A Boost for Charters
In the past few years, several national civic organizations also have begun helping their affiliates found charter schools, also with philanthropic support.
A prominent example is the Washington-based National Council of La Raza, which has used money raised from various foundations to help its affiliates get charter schools off the ground in communities with large numbers of Hispanic students. The national YMCA, Youth Build USA, and Volunteers of America Inc. are engaged in similar work. (“Hispanic Group Quietly Initiates Big Charter Push,” Nov. 21, 2001.)
Unlike those efforts, the Los Angeles alliance schools would be concentrated in one metropolitan area. Because of that, alliance leaders see their plan as holding greater potential to influence other public schools. Indeed, the idea grew out of the alliance’s search for a strategy that would address the chronically low levels of academic achievement seen in many Los Angeles schools.
Alternative plans considered by the alliance included pushing to break up the Los Angeles district—a long-discussed option still being pursued by various advocacy groups—and directly working to effect a kaleidoscope of improvements in the existing school system, Mr. Roberts and Mr. Koehler said.
Ultimately, Mr. Roberts said, board members concluded that “the only way you can change a system is by showing that I can take the same kids in the same conditions, and by organizing differently, I can get a better result.”
Mr. Ouchi added: “We decided that it was far better to plant our own corn with our own hybrid corn seed, and when our corn grows bigger and taller, sooner or later the other farmers are going to come by and want some of that corn seed, too.”
Although alliance leaders have no illusions that reaching their goals will be easy, indications are that the Los Angeles school board may well be receptive to them.
“We’ve been very supportive of charter schools,” Caprice Young, the president of the Los Angeles board of education, said last week. “And for charter schools to be successful for any systemic reform, there’s going to have to be a franchising of successful charter schools.”
Ms. Young, who has been the board’s president since July of last year, said she had not seen the alliance’s plan but was aware that it was in the works. With about 300,000 students on year-round schedules to save space, she said, the district is facing “serious overcrowding problems” that it hopes new charter schools can help ease.
This month, voters in Los Angeles approved a bond issue that will provide $3.3 billion for school construction. In addition, voters statewide gave the go-ahead to a $13.5 billion bond measure for education facilities, which will help support the district’s building program. Both bond measures set aside money for charter facilities.
“It is well-timed,” Ms. Young said of the alliance’s plan.
This past June, the seven-member Los Angeles school board adopted a new policy that calls for creating “from 15 to 20 charter schools per year in order to accommodate 20,000 to 40,000 students in the next five years.”
Since the 2000-01 school year, the number of independent charter schools within the district’s borders has more than doubled, to 25, with 11 of those opening this school year alone. Meanwhile, the number of so-called affiliated charter schools—schools that have greater autonomy than regular public schools but that remain closely tied to the district—has been holding steady, and now stands at 26.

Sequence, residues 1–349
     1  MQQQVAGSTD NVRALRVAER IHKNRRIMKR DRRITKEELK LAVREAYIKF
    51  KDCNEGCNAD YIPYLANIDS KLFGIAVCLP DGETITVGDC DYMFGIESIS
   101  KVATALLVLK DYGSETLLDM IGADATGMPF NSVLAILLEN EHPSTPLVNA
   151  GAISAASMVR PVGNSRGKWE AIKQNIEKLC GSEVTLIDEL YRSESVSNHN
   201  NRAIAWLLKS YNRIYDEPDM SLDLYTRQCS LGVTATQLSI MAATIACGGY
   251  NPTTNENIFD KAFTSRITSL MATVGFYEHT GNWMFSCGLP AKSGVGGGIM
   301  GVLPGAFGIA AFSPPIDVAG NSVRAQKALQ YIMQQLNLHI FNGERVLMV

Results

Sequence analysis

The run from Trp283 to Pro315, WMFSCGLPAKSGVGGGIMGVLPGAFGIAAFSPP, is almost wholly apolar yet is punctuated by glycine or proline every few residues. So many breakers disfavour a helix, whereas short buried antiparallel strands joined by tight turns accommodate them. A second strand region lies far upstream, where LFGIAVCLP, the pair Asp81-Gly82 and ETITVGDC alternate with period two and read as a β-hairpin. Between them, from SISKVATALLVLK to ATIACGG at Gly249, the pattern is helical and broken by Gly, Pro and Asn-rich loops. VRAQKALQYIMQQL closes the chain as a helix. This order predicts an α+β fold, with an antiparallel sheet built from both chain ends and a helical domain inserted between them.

Describing charter schools as “part of the district’s family and an asset from which we can learn,” the board’s new policy identifies six types of charter applications that will be given priority.
Topping that list are secondary schools, as well as schools serving communities with especially overcrowded classrooms or low-achieving students.
According to the policy, “schools that propose innovative solutions or that have creative and viable designs to solve persisting educational problems"; schools that already have facilities; and those that have secured start-up funding of at least $200,000 will also be given priority.
Grace Arnold, the director of the district’s charter schools unit, said last week that she was unfamiliar with the details of the alliance’s plans. Yet she said she strongly supports the idea of networks of charter schools, “because the more visible schools are, and the more accountable to their peers schools are, the better the job that people tend to do.”
“My sense would be that the district would be receptive to it,” she said of the initiative being planned by the alliance.
‘We’ve Tried Everything’
Some analysts regard the prospect of a “shadow” district in Los Angeles as evidence that more school leaders want to put their eggs in baskets other than the traditional public schools.
Ted Kolderie and Joseph P. Graba of the Center for Policy Studies at Hamline University in St. Paul, Minn., have been organizing a series of gatherings and speaking engagements aimed at generating greater interest among policymakers around the country in fostering the creation of new and different schools. (“Spinoffs From Traditional Schooling Seen as Vital to Reform,” Oct. 24, 2001.)
Sonia Hernandez, the president of the Los Angeles alliance, discussed the group’s plan at one such gathering in St. Paul late last month. Ms. Hernandez declined subsequent requests from Education Week to elaborate on the plan.
Mr. Kolderie and Mr. Graba said last week that the budding Los Angeles initiative reflects a growing recognition by policymakers that the goals of standards-based reform—enabling all children to learn at levels previously reserved for a relative few—are not obtainable solely through attempts to revamp existing schools.
“It’s a terrible message, but increasingly people are saying, ‘We’ve tried everything, and we can’t make it work,’ ” said Mr. Graba, who has formerly served as a vice president of the Minnesota Federation of Teachers, a deputy state commissioner of education, and a Minnesota state legislator. “If we’re really serious about helping every child to be a successful learner, our existing schools cannot do that.”
Mr. Roberts of the alliance board said he hopes the organization can open the first of its charter schools next fall, but will not be “crestfallen” if that target is missed. When the initiative does get off the ground, he said, he hopes it will yield lessons for others trying to bring about large-scale change in urban schools.
“We’re excited about it, and I hope that we can make it work,” Mr. Roberts said. “If we’re successful, we will be blazing a trail for other urban educators to follow. If we’re not successful, I hope that people watch and learn what not to do.
“But it’s clear that we must do something.”
A version of this article appeared in the November 27, 2002 edition of Education Week as ‘Shadow’ L.A. District Idea in the Works